In a follow-up to a report two weeks ago, authorities in Moselle department in Northeast France say the number of cattle that have died from the bacterial disease, anthrax, has risen to 25, according to a Europe 1 report (computer translated).
The additional cases have been reported on several farms. Vaccination of animals, including sheep and cattle, has begun.
Cases of anthrax near Lunéville has caused some problems with farmers as authorities have taken a long period (several days) to collect samples from the animals and to dispose of the diseased carcasses, according to a L’Est Republicain report (computer translated).
According to the Merck Veterinary Manual, Anthrax is a zoonotic disease caused by the spore-forming bacterium Bacillus anthracis. Anthrax is most common in wild and domestic herbivores (eg, cattle, sheep, goats, camels, antelopes) but can also be seen in humans exposed to tissue from infected animals, contaminated animal products or directly to B. anthracis spores under certain conditions.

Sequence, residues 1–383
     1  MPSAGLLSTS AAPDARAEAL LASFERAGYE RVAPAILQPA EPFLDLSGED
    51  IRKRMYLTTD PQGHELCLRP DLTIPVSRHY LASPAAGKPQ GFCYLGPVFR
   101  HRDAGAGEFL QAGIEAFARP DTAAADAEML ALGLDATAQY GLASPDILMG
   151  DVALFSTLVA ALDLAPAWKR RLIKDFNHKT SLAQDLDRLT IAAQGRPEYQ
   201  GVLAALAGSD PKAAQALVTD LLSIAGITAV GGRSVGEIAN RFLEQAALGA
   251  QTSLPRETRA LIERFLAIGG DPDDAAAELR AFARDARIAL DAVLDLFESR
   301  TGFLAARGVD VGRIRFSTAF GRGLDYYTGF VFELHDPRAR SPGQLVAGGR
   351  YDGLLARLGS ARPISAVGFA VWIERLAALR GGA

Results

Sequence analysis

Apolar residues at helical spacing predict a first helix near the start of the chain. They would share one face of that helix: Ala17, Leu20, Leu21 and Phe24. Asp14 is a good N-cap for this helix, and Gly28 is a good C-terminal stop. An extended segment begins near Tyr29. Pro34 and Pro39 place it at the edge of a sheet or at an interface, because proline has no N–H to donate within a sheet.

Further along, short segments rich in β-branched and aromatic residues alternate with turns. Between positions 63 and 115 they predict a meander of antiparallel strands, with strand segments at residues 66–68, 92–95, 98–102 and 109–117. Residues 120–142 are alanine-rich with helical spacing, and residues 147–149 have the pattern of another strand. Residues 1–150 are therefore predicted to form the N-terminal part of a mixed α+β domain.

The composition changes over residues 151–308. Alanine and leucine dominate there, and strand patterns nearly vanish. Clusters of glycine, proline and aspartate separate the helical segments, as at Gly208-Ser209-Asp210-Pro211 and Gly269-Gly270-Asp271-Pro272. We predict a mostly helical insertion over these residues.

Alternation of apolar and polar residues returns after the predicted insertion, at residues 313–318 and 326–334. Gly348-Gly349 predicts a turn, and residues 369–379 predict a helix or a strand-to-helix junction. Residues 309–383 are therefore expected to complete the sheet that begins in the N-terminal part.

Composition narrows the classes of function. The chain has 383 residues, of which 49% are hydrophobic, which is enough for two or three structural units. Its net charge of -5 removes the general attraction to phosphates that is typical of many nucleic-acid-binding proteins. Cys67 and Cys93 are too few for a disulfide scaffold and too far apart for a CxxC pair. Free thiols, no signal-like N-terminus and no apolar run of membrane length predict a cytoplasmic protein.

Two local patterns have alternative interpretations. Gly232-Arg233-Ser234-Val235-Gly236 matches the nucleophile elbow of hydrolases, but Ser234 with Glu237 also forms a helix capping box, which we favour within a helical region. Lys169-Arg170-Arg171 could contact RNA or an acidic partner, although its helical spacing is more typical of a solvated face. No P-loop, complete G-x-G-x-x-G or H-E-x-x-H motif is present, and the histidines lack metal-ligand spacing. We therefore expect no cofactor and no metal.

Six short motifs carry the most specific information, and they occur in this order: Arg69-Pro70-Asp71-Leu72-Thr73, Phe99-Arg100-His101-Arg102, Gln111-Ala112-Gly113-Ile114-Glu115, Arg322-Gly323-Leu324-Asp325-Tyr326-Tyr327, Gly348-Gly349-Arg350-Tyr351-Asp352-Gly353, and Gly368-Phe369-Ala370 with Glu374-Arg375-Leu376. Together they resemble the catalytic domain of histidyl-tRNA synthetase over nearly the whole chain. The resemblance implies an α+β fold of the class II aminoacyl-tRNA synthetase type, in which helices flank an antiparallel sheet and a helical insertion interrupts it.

Depending on the route of infection, host factors, and potentially strain-specific factors,anthrax can have several different clinical presentations. In herbivores, anthraxcommonly presents as an acute septicemia with a high fatality rate, often accompanied by hemorrhagic lymphadenitis.
B. anthracis spores can remain infective in soil for many years. During this time, they are a potential source of infection for grazing livestock. Grazing animals may become infected when they ingest sufficient quantities of these spores from the soil.In addition to direct transmission, biting flies may mechanically transmit B. anthracis spores from one animal to another.
People can get anthrax by handling contaminated animal or animal products, consuming undercooked meat of infected animals and more recently, intentional release of spores.